What is the future of the internal combustion engine?
With tougher emissions standards and the rise of electric powertrains, it may seem like the days of the internal combustion engine are numbered. Corn Engineering explained Host Jason Fenske believes internal combustion will continue with new technologies.
Fenske is quite optimistic about the longevity of the internal combustion engine, both because of the inherent energy density advantage of gasoline over batteries, and because of efficiency-enhancing technologies. In this video, he takes a closer look at some of these technologies.
One option is Homogeneous Charge Compression Ignition (HCCI). An HCCI engine burns gasoline, but uses compression ignition, like a diesel engine, rather than a spark plug. In theory, this provides the efficiency of a diesel without the soot and the high levels of nitrogen oxide (NOx) emissions. However, it requires much finer control of the intake temperature, as well as the timing of ignition.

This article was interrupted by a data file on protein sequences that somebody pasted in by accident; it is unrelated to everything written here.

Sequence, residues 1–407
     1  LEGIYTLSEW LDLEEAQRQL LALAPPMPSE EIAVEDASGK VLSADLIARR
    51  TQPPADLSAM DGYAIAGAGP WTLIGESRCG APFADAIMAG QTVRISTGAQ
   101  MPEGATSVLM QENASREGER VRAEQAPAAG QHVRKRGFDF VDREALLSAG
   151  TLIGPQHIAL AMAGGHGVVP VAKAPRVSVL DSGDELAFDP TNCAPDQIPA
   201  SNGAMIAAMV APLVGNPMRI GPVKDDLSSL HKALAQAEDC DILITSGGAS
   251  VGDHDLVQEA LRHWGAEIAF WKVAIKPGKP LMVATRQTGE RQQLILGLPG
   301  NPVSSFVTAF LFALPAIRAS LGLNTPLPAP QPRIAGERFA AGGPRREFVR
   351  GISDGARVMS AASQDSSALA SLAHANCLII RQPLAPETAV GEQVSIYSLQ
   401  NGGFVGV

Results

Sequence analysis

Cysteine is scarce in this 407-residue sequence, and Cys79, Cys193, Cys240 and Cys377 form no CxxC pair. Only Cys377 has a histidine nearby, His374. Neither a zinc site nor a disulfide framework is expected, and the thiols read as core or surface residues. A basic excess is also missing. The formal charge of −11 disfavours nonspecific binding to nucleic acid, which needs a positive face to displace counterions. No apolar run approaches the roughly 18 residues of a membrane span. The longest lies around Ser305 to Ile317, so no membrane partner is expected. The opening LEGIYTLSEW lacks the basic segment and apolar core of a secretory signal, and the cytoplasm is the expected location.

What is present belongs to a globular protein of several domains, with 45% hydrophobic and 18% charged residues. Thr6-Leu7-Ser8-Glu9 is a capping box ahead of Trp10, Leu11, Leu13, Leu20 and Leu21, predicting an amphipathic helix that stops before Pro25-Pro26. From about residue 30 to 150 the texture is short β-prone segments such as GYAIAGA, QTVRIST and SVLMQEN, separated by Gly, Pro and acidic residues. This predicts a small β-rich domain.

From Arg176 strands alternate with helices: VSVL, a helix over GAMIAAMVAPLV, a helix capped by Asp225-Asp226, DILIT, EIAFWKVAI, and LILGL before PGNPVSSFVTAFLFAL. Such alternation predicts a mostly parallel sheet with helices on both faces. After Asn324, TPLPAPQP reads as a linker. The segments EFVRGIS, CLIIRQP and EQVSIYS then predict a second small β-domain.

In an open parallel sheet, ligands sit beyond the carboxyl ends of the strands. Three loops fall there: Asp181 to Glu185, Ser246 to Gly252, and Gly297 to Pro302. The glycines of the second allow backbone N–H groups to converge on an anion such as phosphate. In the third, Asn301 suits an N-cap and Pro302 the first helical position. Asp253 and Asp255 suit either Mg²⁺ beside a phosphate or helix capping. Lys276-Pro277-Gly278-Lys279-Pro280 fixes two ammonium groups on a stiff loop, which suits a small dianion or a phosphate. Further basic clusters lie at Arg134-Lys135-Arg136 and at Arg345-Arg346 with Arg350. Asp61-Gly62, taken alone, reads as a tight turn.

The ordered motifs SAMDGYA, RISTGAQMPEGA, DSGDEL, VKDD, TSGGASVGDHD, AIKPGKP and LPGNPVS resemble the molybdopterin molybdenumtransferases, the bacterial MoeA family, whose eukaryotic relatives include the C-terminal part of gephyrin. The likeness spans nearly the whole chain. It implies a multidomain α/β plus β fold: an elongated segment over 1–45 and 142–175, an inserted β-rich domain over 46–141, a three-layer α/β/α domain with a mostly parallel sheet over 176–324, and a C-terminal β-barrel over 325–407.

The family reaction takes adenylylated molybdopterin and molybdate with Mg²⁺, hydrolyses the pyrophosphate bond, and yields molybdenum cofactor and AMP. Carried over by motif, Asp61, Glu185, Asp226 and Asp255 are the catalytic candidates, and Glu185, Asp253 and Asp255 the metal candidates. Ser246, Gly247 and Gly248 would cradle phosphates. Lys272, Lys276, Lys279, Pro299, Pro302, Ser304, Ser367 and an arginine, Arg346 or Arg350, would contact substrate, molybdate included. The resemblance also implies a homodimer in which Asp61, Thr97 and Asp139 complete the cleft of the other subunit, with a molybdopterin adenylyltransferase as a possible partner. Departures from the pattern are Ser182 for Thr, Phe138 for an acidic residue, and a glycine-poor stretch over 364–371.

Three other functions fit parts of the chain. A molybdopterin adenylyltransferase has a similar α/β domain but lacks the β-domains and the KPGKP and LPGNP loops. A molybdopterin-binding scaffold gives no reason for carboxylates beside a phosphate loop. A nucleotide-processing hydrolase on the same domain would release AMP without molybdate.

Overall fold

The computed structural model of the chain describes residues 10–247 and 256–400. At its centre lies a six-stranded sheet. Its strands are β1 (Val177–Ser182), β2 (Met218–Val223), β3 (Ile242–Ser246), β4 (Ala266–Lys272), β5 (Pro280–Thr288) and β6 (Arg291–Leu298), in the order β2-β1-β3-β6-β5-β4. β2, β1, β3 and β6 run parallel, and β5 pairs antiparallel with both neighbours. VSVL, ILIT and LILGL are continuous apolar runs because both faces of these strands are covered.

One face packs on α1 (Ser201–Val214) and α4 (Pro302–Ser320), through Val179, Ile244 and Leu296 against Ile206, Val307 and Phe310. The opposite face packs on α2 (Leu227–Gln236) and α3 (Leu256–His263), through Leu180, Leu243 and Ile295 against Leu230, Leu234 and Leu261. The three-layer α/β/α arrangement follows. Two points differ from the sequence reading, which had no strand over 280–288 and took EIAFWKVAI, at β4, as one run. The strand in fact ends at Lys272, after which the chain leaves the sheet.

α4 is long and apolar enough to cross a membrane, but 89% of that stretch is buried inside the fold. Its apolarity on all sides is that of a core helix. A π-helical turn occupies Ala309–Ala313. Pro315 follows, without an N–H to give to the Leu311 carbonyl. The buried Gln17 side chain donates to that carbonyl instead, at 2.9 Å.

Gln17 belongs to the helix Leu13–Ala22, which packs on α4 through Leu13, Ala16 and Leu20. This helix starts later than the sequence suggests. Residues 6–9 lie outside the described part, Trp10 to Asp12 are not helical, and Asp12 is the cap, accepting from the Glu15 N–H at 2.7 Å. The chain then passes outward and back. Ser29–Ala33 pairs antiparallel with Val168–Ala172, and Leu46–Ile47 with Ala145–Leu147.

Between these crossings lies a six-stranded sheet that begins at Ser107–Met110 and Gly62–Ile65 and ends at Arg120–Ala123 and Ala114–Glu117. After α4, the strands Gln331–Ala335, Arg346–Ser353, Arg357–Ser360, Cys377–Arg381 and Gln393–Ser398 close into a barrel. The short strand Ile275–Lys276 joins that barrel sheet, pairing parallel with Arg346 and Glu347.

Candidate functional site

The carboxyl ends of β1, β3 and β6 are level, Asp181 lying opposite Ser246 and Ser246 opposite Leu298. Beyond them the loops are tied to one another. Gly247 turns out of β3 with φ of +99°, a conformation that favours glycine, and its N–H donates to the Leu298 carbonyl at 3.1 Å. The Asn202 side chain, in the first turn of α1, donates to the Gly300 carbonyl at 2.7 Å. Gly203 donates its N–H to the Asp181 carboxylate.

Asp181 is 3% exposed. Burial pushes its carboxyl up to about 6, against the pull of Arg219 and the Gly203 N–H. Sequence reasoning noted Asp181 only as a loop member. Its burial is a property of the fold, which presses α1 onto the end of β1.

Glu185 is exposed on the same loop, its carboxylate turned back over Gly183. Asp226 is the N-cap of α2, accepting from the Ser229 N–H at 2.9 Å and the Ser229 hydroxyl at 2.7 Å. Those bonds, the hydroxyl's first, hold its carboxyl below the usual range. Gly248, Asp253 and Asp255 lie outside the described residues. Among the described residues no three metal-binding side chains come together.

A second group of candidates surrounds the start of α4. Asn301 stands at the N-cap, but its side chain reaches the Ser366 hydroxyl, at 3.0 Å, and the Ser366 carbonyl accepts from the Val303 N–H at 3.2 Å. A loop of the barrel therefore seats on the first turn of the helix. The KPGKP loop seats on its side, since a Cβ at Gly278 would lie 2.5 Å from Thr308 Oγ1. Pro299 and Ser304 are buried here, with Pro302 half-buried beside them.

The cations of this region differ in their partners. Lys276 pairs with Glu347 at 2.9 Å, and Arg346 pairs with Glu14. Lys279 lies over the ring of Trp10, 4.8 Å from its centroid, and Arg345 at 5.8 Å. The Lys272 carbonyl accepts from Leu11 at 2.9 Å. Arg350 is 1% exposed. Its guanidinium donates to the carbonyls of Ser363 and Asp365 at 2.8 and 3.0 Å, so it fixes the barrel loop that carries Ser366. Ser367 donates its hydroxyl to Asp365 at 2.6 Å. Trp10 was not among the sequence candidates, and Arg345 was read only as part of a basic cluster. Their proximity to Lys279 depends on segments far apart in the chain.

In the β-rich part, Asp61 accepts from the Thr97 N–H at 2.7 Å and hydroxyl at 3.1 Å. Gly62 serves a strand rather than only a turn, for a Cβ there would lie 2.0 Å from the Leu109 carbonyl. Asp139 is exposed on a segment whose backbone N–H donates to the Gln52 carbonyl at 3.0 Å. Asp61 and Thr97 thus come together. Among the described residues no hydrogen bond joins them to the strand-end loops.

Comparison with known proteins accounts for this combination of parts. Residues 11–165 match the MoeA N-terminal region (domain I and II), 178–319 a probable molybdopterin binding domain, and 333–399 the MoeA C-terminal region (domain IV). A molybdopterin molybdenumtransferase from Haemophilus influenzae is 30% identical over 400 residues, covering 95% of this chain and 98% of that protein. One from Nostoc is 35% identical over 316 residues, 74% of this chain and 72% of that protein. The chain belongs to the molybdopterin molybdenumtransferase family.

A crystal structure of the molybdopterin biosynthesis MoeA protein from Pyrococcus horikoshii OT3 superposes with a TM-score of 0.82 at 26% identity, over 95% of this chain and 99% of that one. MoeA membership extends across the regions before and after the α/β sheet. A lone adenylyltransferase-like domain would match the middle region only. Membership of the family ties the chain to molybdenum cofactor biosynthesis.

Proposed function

Ferrari 488 GT modified
The next option is pre-mixed charge compression ignition (PCCI). Fenske described it as a “middle ground” between the compression ignition of the diesel engine and the HCCI, as it injects fuel early to let it mix with the air in the combustion chamber, then injects more fuel into the combustion chamber. late. This offers more control over ignition timing than the HCCI, but can also create pockets of unburned hydrocarbon by-product which is bad for emissions. PCCI engines also have a fairly narrow operating range, with a high potential for knocking at full throttle, Fenske said.
Finally, we have the Controlled Responsiveness Compression Ignition (RCCI). This uses two fuels: a low reactive fuel (like gasoline) which is injected into the port and a high reactive fuel (like diesel) which is injected directly. “Reactivity” refers to the tendency of a fuel to ignite under compression. This method leads to big efficiency gains, but still with fairly high emissions, Fenske said. The complexity of using two fuels could also make it a non-starter commercially.
These alternative internal combustion engine designs may not be ready for prime time, but automakers are looking to squeeze every ounce of efficiency out of today’s gasoline engines by using more mature technologies like direct injection. Fenske has also covered another possible future internal combustion technology – input ignition – in another video, which is also worth checking out.